The department doesn't expect to hire that many, but the authorization will streamline recruitment efforts, said a department official.
The Obama administration gave the Homeland Security Department this week the ability to hire up to 1,000 cybersecurity specialists, with some new security workers already having been brought on board, said DHS Secretary Janet Napolitano during a keynote discussion Thursday.
DHS worked with the Office of Personnel Management and the Office of Management and Budget for the authorization to hire the information security workers during the next three years to analyze risks to computer networks, determine how to respond to cyberattacks, detect security holes in systems, investigate attacks, and manage network and system engineering.
The jobs include new hires as well as moving existing staff to new positions and to currently vacant positions. Funding will come from existing DHS budgets. Any additional money needed to fund the positions will require authorization from Congress, a DHS spokeswoman said.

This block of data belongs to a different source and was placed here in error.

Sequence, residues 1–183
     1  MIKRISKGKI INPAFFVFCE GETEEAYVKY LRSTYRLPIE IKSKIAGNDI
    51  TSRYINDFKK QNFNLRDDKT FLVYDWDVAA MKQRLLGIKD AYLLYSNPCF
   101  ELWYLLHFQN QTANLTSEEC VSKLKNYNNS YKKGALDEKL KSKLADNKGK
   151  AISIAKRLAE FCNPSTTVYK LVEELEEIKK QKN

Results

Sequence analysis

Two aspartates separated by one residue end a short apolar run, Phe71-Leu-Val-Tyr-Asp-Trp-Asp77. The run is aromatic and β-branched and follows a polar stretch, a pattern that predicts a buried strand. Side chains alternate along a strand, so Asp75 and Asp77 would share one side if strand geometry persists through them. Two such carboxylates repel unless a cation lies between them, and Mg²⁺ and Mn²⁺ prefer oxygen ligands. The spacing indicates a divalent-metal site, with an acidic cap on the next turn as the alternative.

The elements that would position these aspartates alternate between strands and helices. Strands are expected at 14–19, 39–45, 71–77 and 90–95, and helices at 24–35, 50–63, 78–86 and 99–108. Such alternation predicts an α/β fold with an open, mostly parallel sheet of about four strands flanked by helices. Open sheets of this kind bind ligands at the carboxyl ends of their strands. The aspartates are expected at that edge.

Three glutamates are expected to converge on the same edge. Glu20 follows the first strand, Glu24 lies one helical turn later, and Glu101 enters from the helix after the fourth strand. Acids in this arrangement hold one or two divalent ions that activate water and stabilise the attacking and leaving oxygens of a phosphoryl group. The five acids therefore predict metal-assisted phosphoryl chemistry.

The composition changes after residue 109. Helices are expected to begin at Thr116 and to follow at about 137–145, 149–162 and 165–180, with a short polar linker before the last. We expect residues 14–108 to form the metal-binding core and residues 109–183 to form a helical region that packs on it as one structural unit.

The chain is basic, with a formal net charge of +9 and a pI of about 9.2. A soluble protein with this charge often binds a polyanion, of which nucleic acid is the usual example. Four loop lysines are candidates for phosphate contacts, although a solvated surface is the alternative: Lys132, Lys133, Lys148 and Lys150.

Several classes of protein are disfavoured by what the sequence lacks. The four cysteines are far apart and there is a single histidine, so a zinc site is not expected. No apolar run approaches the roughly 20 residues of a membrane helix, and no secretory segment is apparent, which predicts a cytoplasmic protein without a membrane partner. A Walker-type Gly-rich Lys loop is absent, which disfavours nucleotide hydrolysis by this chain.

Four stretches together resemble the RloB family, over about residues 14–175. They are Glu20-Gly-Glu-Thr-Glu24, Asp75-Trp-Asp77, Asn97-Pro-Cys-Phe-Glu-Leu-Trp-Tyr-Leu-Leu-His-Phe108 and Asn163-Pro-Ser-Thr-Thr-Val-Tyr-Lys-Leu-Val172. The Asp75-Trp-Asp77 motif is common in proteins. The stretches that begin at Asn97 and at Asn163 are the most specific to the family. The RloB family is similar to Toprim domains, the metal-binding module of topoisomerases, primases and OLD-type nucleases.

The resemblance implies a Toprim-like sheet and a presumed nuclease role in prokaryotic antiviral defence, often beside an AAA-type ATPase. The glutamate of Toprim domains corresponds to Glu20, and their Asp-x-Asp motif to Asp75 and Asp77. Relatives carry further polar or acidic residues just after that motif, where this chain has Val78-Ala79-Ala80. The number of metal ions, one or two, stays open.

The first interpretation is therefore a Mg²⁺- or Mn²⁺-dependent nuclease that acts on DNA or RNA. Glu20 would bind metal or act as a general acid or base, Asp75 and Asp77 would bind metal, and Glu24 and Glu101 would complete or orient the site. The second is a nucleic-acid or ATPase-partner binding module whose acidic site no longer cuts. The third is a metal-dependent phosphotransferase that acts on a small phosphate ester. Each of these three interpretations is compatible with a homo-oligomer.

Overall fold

The department will hire the specialists to strengthen the security of federal civilian networks and to support the Secret Service to combat cyber crime and the department's 23 component agencies to improve enterprise security requirements, Napolitano said during a panel discussion hosted by DHS and the National Cyber Security Alliance to kick off National Cyber Security Awareness Month. "[This will] build upon an already solid base of expertise, [and] allow us to be competitive, at the lead and at the cutting edge," she said.
DHS' National Cybersecurity Division has between 115 and 120 cybersecurity engineers, developers and analysts, said Phil Reitinger, deputy undersecretary for DHS' National Protection and Programs Directorate, who joined Napolitano on the panel. The division has hired a few workers, some as recently as this week, and by the end of 2010 DHS expects to increase the division's cybersecurity workforce to 260. He couldn't provide an estimate for the number of people employed in cybersecurity positions departmentwide.
According to a press announcement, DHS does not expect to reach the cap for new hires, but Reitinger said the authorization will help recruitment efforts.
"Granted authority makes us more agile to bring [people] on more quickly," he said. Reitinger has said human capital was among the biggest priorities to bolster cybersecurity for the department.
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